Let’s start our journey through cannabis museums from Europe, and more specifically Berlin, Germany, where is located the Hemp Museum. Hanf Museum, as it is called in German, is exclusively devoted to the agricultural, manufacturing and industrial as well as legal aspects of the use of hemp. The aim of the exhibition is to do justice to the mind-boggling amount of facets as well as facts and figures associated with this diverse botanical treasure and its application. Starting from the plant and its cultivation, the products and the industry revolving around its utilisation from insulation material, to textile and paper manufacturing, cosmetics and pharmaceutical applications are all explored.
Your next trip could be to Amsterdam, Netherlands, where you can visit Hash, Marihuana and Hemp Museum. With the opening of the Hash, Marihuana and Hemp Museum Gallery, it has become possible for visitors to admire an even wider range of exhibits. With the space constraints of the original Museum, some of these items were simply too large to be displayed; for example the loom from 1903 (which is strung with hemp thread) and the various model sailing ships (which demonstrate just how much hemp rope was required for each vessel).
Paintings depicting everyday men and women enjoying a companionable pipe of cannabis in smoke-houses, the coffeeshops of the 17th Century, can be admired while more modern works by Piet Mondriaan and others are also on display. These paintings are brought to life by the exhibits around them – pipes and smoking devices from around the world, antique weaving and spinning equipment which contains real hemp fibres which visitors can touch.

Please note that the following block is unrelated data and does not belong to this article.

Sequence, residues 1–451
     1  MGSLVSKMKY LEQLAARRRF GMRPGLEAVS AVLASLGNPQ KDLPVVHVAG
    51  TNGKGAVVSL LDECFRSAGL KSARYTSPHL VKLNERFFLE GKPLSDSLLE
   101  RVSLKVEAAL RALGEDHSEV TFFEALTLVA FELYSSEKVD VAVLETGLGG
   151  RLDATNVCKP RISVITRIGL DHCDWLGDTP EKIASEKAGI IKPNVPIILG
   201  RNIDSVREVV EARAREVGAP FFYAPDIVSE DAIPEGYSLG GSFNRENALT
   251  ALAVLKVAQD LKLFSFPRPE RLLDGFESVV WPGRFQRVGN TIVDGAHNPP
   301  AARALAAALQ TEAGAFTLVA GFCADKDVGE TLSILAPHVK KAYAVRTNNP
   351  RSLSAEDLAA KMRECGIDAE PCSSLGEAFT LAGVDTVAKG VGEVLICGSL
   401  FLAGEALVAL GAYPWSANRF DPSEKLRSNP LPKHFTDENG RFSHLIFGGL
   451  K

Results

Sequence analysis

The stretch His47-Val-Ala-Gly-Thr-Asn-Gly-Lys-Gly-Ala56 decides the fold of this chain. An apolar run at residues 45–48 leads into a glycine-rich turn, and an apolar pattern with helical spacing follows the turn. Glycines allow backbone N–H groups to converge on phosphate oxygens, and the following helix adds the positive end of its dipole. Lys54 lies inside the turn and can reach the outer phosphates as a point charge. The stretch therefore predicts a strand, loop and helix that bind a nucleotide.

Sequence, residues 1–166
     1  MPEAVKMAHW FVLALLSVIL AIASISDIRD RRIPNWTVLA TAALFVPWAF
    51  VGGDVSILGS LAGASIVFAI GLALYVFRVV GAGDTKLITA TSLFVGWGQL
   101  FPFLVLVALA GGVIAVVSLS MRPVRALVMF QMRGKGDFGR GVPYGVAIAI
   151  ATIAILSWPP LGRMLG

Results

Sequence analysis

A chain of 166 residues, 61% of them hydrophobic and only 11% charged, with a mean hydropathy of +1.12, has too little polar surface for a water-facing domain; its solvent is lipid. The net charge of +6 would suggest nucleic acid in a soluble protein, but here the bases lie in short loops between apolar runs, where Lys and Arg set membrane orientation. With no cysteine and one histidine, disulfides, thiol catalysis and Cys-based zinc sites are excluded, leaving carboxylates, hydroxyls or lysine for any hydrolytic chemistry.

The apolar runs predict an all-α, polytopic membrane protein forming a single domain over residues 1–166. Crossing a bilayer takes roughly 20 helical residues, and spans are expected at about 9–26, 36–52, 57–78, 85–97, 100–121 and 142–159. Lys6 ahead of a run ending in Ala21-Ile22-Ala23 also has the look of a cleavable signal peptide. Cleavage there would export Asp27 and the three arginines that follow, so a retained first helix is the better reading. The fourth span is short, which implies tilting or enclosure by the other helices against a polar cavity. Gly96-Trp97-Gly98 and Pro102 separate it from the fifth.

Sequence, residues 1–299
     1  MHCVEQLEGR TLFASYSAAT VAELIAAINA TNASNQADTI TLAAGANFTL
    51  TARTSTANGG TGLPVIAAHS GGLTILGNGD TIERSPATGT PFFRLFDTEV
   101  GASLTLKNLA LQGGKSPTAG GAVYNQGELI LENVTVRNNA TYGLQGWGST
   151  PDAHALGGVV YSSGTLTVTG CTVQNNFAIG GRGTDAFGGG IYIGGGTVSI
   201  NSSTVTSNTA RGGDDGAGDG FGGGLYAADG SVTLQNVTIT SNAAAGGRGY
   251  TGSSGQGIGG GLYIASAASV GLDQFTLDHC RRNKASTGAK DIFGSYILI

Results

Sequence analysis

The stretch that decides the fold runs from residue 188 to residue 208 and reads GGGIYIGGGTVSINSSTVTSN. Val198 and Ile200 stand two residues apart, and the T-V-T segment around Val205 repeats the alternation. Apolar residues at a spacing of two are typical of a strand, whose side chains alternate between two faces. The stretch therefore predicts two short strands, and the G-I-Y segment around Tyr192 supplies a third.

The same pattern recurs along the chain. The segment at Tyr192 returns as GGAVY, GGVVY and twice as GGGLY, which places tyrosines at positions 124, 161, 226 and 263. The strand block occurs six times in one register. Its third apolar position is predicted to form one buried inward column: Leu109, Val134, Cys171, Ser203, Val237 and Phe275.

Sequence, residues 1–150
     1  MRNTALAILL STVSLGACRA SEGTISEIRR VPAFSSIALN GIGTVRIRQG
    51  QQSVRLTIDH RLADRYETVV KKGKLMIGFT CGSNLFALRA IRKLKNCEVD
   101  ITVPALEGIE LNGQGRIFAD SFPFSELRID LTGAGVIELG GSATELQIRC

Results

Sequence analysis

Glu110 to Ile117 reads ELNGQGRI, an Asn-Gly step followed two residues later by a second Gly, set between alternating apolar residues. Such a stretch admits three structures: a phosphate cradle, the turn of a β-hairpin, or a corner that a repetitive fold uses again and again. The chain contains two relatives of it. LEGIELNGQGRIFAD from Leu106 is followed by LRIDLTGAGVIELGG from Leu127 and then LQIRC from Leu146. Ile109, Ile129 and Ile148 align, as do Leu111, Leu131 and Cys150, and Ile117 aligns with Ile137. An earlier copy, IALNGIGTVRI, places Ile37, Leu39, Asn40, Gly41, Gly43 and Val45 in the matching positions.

Now it is time to head to Barcelona, Spain, where you can find The Hash, Marijuana, Canamo and Hemp Museum. The museum presents valuable paintings and prints depicting cannabis use throughout history and rare antiques, such as the various tools and implements used to make hemp into rope, paper and fabrics. Art lovers will be delighted by the original paintings by noted 17th Century artists artists David Teniers the Younger, Cornelis Decker and Herman Saftleven. This important collection of old masters is complemented by a wide array of botanical prints from the 18th and 19thCentury. A medicinal section representing one of the world’s largest collections of medicinal cannabis bottles dating back to the 19th Century testifies to the widespread use of medicinal cannabis in the past.
Our next stop is Vancouver, Canada, where we can visit the Herb Museum. The Herb Museum is home to 5 rooms of exhibits and more than 1200 artifacts from as early as the first century AD all the way to modern day.
Exhibits include: Ancient Cannabis, Medical Marijuana (1720s to present), Industrial Hemp, Hallucinogens/Psychedelics/Entheogens, Opium, Coca, Non-Psychoactive Botanicals, Mushrooms of all varieties magical, medicinal and edible and Coffee, Tea, Tobacco and Chocolate.
It is time to visit USA with one museum, which is not opened yet but it is expected to open in 2016 – The Colorado Museum of Cannabis and Hemp History in Denver, Colorado, which will be dedicated to Preserving and Presenting Cannabis and Hemp History in a Safe, Educational, and Entertaining environment.
The next museum that you can visit in USA is Oaksterdam Cannabis Museum in Oakland, California. The Museum has been a focus of the community in the heart of Oakland California since 2011, in the world famous Oaksterdam District. It has been the only US cannabis museum to have had regular hours open to the public and a living medical marijuana garden on display.
Our final stop today will be Cannabis House, the only cannabis museum in New Zealand, located on Dunedin. Arriving at the museum, visitors are greeted by a large green door, flanked by two bay windows peeking into the Legalize Cannabis Movement office and the one-roomed museum.